one is white, and the other black, the habitants by the overflowing of my former being considerably the more first box, and of others in the neigh-valuable. The white sort (says Marsbourhood. This I take to be a pa- den) sells in China at the rate of 1000 rallel case with the building of a church or 1500 Spanish dollars the pekul ; here.

the black is usually disposed of at Ba

tavia, for 20 dollars the same weight, Edible Birds' Nests.

where it is chiefly converted into glue,

of which it makes a very superior kind. MR. EDITOR,

The difference between the two, has SIR,-If you should think the follow- by some been supposed to be owing ing account of the Edible Bird's Nest, to the mixture of the feathers of the

birds with the viscous substance of of sufficient importance for your pages, which the nests are formed, and this I shall be glad to see it inserted.

they deduce from the experiment of Sir, yours, &c.

steeping the black nests for a short D.P.

time in hot water, when they are said Edinburgh, 12th Nov. 1820.

to become, in a great degree, white. A species of Birds' Nests found in Among the natives, I have heard some Malacca, the island of Java, and in few assert, that they are the work of a several of the other districts of Asia, different species of bird. It was sugare, in many of the eastern countries, gested to me, that the white might used as a most delicate article of food. probably be the recent nests in which These are constructed by a small spe- they were taken, and the black such as cies of swallows, (hirundo esculenta,) had been used for a number of years which frequent the coasts at certain successively. This opinion appearing seasons.

plausible, I was particular in my inquiWriters and naturalists do by no ries as to that point, and I learnt what means agree, concerning the substance seemed much to corroborate it. When of which these nests are formed. the natives prepare to take the nests, Kempfer says, it is mollusca, or sea- they enter into the caves with torches; worms; De Poivre calls it the spawn and, forming ladders, according to of fish; Dalrymple informs us, it is the usual mode, (of a single bamboo sea-weeds; Linneus supposes it to I notched,) they ascend, and pull down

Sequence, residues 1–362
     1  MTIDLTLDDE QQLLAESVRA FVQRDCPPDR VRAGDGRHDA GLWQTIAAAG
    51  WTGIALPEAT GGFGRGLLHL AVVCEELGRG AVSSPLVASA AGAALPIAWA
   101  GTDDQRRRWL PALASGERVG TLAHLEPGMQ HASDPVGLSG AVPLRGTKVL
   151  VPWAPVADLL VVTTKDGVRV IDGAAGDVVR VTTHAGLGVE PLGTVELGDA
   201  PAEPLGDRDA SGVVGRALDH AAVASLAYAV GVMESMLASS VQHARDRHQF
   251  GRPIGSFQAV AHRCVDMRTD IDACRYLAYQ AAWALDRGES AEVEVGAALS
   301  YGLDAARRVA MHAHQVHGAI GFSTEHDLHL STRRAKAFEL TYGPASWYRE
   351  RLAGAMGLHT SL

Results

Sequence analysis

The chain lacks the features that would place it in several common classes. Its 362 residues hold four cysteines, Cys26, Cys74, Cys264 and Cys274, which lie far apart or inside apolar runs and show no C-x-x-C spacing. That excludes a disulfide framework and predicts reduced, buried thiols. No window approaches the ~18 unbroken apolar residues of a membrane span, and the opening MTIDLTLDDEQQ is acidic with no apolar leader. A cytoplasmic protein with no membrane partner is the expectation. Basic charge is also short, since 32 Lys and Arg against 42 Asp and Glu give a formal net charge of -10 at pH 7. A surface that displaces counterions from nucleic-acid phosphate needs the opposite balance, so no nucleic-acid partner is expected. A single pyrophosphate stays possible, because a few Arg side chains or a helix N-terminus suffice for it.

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the nests, which adhere in numbers and consequently less remarkable, this together firm to the side and top of sensation invariably abates. Thus we the rock. They informed me, that find those oflenders who are most fathe more frequently and regularly the miliar with vice, to be least susceptible cave is stripped, the greater propor- of shame. Encouragement wipes the tion of white nests they are sure to conscious blush of remorse from the find, and that on this experience they cheek of emboldened impiety; attenoften make a practice of beating tion ceases to be attracted by a repedown and destroying the old nests, in tition of crimes, which have lost the larger quantities than they trouble recommendation of novelty; vice apthemselves to carry away, in order pears less disgusting, the more freely that they may find white nests next it is practised; successful iniquity season in their room. The birds dur- banishes the timidity of apprehension; ing the building time, are seen in and the breast of the sinner is made large flocks on the beach, collecting impervious to any principles, but those in their bills the foam which is thrown of audacious impiety. In all civilized up by the surf, of which there is little communities, immoral practices are doubt that they construct their nests, discountenanced, as well by the instiafter it has undergone, perhaps, a pre- tuted laws of that community, as by paration from a commixture with the general example of its best memiheir saliva, or other secretion with bers; and this circumstance imposes which nature has provided them for on the practical advocates of infidelity, that purpose. This little bird, fre- the necessity of concealing their seuquenting the caverns and rocks of timents, and disguising their purposes. Java, furnish an article of commerce, Nor is this the only consideration the annual value of wbich exceeds which arrays them in the specious half a million of Spanish dollars. mask of dissimulation. There are